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PLoS Negl Trop Dis. 2018 Jun 28;12(6):e0006616. doi: 10.1371/journal.pntd.0006616. eCollection 2018 Jun.

Dengue virus serotype distribution based on serological evidence in pediatric urban population in Indonesia.

Author information

Eijkman Institute for Molecular Biology, Jakarta, Indonesia.
Sanofi Pasteur, Asia & JPAC Region, Singapore.
Department of Child Health, Faculty of Medicine, Universitas Indonesia, Cipto Mangunkusumo Hospital, Jakarta, Indonesia.



Dengue is a febrile illness transmitted by mosquitoes, causing disease across the tropical and sub-tropical world. Antibody prevalence data and serotype distributions describe population-level risk and inform public health decision-making.


In this cross-sectional study we used data from a pediatric dengue seroprevalence study to describe historical dengue serotype circulation, according to age and geographic location. A sub-sample of 780 dengue IgG-positive sera, collected from 30 sites across urban Indonesia in 2014, were tested by the plaque reduction neutralization test (PRNT) to measure the prevalence and concentration of serotype-specific neutralizing antibodies according to subject age and geography. PRNT results were obtained from 776 subjects with mean age of 9.6 years. 765 (98.6%) neutralized one or more dengue serotype at a threshold of >10 (1/dil). Multitypic profiles were observed in 50.9% of the samples; a proportion which increased to 63.1% in subjects aged 15-18 years. Amongst monotypic samples, the highest proportion was reactive against DENV-2, followed by DENV-1, and DENV-3, with some variation across the country. DENV-4 was the least common serotype. The highest anti-dengue antibody titers were recorded against DENV-2, and increased with age to a geometric mean of 516.5 [1/dil] in the oldest age group.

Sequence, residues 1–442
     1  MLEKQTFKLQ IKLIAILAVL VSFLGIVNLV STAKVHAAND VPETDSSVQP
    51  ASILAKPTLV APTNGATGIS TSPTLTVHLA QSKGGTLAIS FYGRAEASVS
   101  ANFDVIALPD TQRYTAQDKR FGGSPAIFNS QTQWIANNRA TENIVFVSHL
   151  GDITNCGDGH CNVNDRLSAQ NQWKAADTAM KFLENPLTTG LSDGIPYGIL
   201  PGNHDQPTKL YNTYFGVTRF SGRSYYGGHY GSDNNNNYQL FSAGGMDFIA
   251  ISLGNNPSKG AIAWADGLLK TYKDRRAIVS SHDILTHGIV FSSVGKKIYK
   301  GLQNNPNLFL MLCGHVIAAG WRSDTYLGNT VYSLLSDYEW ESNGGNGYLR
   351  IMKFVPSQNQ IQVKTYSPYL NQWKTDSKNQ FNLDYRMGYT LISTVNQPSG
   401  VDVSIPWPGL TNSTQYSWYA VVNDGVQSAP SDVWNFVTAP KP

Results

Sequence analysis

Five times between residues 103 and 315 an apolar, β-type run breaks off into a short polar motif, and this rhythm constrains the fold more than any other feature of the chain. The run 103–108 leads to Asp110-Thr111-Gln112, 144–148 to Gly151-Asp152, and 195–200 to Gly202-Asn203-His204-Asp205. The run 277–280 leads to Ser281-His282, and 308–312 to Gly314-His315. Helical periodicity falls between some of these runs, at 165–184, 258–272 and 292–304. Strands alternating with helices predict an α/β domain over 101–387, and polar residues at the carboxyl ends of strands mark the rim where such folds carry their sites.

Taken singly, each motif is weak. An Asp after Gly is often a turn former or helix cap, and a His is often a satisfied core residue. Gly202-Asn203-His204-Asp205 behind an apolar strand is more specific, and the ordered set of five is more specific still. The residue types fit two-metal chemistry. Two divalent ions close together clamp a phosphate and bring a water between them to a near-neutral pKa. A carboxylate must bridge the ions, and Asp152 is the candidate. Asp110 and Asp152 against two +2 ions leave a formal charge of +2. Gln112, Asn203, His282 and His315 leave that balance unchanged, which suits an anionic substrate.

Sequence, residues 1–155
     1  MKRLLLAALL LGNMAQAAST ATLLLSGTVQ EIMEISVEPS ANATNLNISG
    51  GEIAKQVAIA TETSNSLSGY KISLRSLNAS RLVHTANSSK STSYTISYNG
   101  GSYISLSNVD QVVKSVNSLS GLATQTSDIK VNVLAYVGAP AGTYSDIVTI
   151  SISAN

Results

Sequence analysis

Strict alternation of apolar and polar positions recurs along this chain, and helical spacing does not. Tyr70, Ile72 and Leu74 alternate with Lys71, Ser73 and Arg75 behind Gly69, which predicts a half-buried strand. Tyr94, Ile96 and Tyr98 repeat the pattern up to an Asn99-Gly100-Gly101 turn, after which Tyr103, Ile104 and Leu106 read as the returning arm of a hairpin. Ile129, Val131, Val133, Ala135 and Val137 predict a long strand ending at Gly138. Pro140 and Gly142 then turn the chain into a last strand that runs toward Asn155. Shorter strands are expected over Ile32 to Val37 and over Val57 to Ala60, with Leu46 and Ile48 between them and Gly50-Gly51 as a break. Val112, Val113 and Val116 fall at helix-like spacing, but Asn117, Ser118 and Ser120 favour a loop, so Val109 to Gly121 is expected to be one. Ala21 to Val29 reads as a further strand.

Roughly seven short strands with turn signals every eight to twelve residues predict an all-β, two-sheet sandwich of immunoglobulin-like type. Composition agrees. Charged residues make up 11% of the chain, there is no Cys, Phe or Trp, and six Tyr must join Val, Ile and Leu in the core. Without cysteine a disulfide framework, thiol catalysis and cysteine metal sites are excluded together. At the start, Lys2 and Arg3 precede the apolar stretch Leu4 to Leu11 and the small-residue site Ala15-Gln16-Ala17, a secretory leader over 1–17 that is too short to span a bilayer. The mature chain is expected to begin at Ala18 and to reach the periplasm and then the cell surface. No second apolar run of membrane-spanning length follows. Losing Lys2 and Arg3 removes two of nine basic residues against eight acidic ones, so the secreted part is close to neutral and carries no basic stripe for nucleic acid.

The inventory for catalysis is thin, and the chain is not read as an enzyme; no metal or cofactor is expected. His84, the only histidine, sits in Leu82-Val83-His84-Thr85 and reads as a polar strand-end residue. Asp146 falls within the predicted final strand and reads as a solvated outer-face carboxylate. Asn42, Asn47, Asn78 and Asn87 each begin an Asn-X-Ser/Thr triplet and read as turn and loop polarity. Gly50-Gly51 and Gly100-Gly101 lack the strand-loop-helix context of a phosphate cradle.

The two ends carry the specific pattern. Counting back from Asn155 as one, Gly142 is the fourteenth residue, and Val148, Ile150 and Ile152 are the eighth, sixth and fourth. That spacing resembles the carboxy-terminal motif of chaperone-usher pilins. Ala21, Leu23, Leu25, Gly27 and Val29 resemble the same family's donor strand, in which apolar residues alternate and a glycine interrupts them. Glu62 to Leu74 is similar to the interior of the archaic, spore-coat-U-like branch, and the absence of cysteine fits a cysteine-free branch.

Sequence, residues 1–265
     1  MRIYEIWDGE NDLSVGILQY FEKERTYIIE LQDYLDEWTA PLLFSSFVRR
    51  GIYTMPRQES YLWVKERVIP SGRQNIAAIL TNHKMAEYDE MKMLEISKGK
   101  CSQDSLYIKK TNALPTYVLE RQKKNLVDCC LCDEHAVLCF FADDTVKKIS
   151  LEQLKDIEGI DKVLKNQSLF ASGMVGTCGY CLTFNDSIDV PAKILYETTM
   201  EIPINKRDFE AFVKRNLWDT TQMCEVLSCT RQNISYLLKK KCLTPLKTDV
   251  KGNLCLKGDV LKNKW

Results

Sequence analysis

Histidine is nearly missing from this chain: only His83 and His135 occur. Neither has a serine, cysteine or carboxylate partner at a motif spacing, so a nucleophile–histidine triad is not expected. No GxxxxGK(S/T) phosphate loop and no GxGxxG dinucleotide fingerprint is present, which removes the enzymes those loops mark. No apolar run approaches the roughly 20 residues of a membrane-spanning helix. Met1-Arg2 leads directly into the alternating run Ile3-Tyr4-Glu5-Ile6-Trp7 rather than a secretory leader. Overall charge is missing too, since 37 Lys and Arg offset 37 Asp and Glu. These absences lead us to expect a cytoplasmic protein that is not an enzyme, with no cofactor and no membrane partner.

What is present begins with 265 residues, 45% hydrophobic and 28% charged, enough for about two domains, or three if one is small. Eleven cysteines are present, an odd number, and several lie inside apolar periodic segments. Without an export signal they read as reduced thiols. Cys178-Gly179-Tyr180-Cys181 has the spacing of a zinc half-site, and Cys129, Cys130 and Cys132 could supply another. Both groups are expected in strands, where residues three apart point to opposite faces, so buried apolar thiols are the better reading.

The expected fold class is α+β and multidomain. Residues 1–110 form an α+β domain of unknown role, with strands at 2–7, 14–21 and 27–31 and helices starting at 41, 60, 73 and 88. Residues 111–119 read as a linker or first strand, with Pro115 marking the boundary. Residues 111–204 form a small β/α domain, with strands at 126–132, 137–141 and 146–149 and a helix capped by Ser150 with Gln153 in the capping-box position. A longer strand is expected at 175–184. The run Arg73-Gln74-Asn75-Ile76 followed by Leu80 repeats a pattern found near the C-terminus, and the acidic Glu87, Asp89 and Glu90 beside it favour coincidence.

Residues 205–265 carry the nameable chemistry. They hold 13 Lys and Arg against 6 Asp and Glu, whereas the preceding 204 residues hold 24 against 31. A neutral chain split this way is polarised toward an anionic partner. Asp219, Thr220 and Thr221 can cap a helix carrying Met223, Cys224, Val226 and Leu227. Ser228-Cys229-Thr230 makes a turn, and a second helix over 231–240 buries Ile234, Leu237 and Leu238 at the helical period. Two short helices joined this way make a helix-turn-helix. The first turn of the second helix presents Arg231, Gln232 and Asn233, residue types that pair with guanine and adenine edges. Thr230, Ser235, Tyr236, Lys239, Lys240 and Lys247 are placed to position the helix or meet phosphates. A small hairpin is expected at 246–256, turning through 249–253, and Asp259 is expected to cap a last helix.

We found that all four dengue serotypes have been widely circulating in most of urban Indonesia, and more than half of children had already been exposed to >1 dengue serotype, demonstrating intense transmission often associated with more severe clinical episodes. These data will help inform policymakers and highlight the importance of dengue surveillance, prevention and control.

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Conflict of interest statement

I have read the journal’s policy and the authors of this manuscript have the following competing interests: Anne-Frieda Taurel, Alain Bouckenooghe, Hermin Sitompul and Joshua Nealon are employees of Sanofi Pasteur, a company engaged in the production of vaccines including against dengue. R. Tedjo Sasmono, Ari Prayitno and Sri Rezeki Hadinegoro have been investigators for clinical or epidemiological studies sponsored by Sanofi Pasteur, and have been remunerated accordingly.

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